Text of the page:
Dems Wrap Up Talks For The Weekend
The New York Times: "White House and Congressional leaders working on a final version of far-reaching health care legislation have wrapped up their discussions - at least for the weekend - and officials will now wait for cost analysis on various proposals to bridge the final differences between the House and Senate version so of the bill." Officials said the list of outstanding items in the talks has narrowed. (Herszenhorn, 1/15)
Politico: "An exhausted looking Harry Reid said this afternoon that negotiators are 'pretty close' to a deal and senators won't be working through the weekend." Sen. Max Baucus, head of the Senate Finance Committee, said, a package would be sent to the Congressional Budget Office for estimate "quickly, soon." (Budoff Brown, O'Connor and Shiner, 1/15)
The break in talks came after some officials had suggested earlier that the negotiators might continue to meet until a deal was forged. MarketWatch reported this afternoon: After health negotiations stretched until the wee hours of the morning Friday, "House Majority Leader Steny Hoyer, D-Md., said [later that morning] ... congressional Democrats are 'very close' to reaching final agreement on legislation." He said he hoped that "within the next 24, 48, 72 hours" such agreement would be reached. Meanwhile, Democratic leaders are expected to return to the White House today for more negotiations. This would "mark the third straight day of talks between Obama and Democrats over the health bill. Obama is anxious to sign a bill and move on to other issues including job creation" (Schroeder, 1/15).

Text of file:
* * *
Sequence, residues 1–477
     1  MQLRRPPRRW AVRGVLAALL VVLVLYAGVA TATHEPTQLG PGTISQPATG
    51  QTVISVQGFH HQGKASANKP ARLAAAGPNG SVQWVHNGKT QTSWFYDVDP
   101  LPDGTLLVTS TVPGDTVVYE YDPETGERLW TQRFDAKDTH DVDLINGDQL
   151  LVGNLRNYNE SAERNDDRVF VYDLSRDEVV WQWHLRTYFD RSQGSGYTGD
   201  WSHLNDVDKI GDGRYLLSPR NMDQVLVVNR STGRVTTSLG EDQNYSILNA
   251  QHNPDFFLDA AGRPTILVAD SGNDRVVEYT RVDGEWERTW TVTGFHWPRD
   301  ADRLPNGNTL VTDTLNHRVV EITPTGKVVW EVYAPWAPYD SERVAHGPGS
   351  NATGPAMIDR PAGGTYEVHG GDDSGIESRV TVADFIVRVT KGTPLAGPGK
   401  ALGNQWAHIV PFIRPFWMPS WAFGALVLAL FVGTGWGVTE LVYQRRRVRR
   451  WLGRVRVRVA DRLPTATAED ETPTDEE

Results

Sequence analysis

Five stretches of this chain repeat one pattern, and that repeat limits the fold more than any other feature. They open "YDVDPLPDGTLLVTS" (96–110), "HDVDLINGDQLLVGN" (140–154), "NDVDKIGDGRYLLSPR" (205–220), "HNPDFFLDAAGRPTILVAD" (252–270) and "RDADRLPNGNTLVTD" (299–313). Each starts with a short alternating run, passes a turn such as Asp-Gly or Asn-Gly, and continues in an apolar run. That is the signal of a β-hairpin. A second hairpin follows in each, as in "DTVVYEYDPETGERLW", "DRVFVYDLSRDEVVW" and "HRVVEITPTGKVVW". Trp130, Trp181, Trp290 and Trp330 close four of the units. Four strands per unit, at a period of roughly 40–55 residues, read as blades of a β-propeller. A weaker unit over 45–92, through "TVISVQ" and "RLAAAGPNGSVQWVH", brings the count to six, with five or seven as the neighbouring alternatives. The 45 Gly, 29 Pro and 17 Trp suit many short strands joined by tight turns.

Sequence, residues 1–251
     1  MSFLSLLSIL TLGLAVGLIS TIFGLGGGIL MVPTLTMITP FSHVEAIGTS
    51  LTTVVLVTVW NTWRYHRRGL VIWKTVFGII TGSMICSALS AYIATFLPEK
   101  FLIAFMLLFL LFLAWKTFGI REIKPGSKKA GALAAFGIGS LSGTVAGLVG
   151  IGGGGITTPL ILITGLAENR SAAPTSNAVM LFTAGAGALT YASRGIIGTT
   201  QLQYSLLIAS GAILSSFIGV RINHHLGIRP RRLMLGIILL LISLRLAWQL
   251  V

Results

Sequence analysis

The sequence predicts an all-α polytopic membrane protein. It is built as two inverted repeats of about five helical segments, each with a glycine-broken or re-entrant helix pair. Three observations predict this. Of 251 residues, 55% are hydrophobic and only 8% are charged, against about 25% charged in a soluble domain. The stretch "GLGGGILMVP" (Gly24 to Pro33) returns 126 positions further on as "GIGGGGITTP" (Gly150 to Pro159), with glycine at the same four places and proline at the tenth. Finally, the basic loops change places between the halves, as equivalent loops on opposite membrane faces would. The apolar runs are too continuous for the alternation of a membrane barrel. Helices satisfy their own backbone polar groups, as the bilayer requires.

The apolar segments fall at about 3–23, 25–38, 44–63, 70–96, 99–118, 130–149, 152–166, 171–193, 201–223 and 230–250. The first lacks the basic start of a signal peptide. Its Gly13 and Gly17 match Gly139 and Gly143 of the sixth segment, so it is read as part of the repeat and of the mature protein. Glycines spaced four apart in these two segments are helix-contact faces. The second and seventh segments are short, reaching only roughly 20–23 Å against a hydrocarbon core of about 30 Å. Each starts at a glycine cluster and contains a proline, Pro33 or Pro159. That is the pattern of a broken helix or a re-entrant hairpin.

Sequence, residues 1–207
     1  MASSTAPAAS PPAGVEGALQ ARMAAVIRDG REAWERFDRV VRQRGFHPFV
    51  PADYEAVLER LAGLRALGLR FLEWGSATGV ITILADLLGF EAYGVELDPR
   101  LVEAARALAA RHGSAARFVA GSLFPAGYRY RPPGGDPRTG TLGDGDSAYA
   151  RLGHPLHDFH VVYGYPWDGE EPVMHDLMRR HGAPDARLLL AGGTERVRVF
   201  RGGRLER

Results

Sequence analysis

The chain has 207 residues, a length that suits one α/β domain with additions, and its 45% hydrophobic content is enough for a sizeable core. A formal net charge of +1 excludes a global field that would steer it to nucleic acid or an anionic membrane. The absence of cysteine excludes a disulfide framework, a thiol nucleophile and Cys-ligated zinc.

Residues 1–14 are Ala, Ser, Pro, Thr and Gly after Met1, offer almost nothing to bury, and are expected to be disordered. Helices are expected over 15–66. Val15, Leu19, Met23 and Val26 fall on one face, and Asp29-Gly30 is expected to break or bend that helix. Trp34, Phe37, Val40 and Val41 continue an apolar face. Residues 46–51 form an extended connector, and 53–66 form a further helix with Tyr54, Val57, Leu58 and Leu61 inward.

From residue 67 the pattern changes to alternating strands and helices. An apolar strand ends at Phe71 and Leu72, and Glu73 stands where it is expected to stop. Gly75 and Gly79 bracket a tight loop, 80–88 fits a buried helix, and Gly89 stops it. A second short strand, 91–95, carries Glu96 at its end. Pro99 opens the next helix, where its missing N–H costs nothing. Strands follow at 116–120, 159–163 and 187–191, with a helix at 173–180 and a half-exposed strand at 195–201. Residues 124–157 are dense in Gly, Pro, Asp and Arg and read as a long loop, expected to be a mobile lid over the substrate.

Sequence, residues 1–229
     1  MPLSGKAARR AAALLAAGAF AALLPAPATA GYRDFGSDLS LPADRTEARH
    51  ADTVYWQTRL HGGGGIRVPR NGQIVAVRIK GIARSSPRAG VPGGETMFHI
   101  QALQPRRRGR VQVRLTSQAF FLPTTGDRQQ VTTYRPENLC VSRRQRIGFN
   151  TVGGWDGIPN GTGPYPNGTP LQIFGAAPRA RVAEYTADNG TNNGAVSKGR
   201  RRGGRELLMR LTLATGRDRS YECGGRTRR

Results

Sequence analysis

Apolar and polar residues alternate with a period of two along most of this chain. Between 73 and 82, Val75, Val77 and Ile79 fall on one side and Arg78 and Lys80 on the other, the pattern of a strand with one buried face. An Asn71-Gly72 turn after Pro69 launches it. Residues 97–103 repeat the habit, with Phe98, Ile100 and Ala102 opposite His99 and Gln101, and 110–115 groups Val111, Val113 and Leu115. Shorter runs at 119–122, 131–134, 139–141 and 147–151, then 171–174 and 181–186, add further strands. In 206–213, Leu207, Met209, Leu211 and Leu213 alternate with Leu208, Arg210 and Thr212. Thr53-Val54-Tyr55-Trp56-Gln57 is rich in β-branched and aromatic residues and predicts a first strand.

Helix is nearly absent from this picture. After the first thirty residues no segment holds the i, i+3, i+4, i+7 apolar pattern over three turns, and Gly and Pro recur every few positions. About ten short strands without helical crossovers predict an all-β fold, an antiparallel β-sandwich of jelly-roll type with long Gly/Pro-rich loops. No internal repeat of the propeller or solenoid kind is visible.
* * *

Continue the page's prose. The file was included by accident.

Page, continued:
The Washington Post: "President Barack Obama and congressional Democrats rushed to strike final deals on historic health care legislation Friday as they nervously eyed next week's special Senate election in Massachusetts that could doom the bill." House Speaker Nancy Pelosi, D-Calif., was hopeful that tax and spending provisions could be sent to the Congressional Budget Office later on Friday. "Still unresolved would be controversial policy issues, such as financing for abortions, and participants said it could easily take days to reach agreement." Also increasing the time pressure
are new poll numbers indicating the election to fill the seat of the late Sen. Edward M. Kennedy is tightening. If Republican Scott Brown wins the special election on Tuesday, he has pledged to vote against the health bill -- leaving Democrats one vote short of the necessary 60 (Werner, 1/15).
CBS News' Political Hotsheet: "A new survey shows GOP Senate candidate Scott Brown marginally beating Democratic candidate Martha Coakley in the race to fill the late Ted Kennedy's Senate seat, the first time a major poll has put Brown in the lead." Brown, a state senator, has a 50 percent to 46 percent edge over state attorney general Coakley, according to a new Suffolk University/7News poll. Although within the poll's margin of error, the numbers still represent a remarkable shift (Condon, 1/15).
Bloomberg: "President Barack Obama will campaign Sunday in Massachusetts for the Democratic candidate in a close race to fill the seat held by the late Senator Edward Kennedy." A loss in next week's special election could shake Democratic control of the Senate, allowing Republican filibusters to block legislation, such as the health overhaul (Nichols and Przybyla, 1/15).This is part of the KHN Morning Briefing, a summary of health policy coverage from major news organizations. Sign up for an email subscription.